We have a lot of programmers in banks. We have a lot of programmers in retail companies. So that’s a large potential for value as well. The most underrecognized case is the ability of generative AI technologies to do generative design in research and development. For example, you can create an electrical circuit or design a car.

There’s no business nor function where these technologies don’t have some potential.

Alex Singla: On the R&D side, in the life sciences industry, I’ve heard executives discuss chemicals and the different configurations you put chemicals in to create new drugs and new products that would take years to experiment with.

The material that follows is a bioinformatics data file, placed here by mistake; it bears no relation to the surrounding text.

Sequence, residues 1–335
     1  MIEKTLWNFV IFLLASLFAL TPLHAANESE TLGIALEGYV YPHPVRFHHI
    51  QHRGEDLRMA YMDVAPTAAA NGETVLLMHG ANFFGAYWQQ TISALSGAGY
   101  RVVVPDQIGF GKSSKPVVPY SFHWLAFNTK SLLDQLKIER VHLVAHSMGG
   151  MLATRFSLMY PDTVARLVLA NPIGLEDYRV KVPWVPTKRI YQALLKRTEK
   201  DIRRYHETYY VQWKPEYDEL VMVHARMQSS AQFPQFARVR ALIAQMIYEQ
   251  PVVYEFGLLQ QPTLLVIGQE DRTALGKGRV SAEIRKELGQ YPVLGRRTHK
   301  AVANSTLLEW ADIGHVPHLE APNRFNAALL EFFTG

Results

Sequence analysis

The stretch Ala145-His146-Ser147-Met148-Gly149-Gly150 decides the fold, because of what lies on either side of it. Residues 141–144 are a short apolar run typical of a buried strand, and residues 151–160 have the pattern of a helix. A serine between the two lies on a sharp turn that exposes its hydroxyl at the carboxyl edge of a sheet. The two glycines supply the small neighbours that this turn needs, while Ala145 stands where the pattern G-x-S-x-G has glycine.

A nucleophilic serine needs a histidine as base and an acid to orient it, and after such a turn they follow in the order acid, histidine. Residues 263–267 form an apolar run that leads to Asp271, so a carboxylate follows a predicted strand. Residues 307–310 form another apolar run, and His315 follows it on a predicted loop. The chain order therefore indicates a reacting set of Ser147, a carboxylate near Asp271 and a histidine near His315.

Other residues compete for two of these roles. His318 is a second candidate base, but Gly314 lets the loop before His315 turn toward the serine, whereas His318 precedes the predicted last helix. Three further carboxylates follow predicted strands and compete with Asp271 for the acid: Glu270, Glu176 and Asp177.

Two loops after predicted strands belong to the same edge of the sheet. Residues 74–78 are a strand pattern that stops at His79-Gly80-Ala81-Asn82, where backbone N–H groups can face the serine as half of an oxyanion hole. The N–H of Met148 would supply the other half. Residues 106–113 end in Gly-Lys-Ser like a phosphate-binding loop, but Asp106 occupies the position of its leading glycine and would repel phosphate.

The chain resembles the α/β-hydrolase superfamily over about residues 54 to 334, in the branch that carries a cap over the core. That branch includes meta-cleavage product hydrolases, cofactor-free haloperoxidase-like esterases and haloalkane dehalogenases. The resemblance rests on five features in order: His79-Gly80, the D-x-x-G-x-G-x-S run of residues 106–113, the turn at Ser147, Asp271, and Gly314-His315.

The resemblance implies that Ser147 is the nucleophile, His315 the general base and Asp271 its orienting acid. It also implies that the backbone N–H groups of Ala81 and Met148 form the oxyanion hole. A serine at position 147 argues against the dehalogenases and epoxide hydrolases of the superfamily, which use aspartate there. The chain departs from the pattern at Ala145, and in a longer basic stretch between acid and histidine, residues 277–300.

Can they leverage generative AI to put different chemicals together to accelerate R&D in the pharmaceutical space? That hasn’t been done or proven yet in terms of making the perfect drug or product that much faster. But that’s the kind of thinking that’s happening.

Gen AI augments imagination

Lucia Rahilly: Do you think it’s possible that generative AI will expand the frontiers of creativity and innovation in new ways?

Michael Chui: Yes, if you can use these systems to accelerate productivity and create more examples. What we know from our product development research is that, oftentimes, the problem is you close the funnel too quickly. You don’t continue to look at multiple alternatives.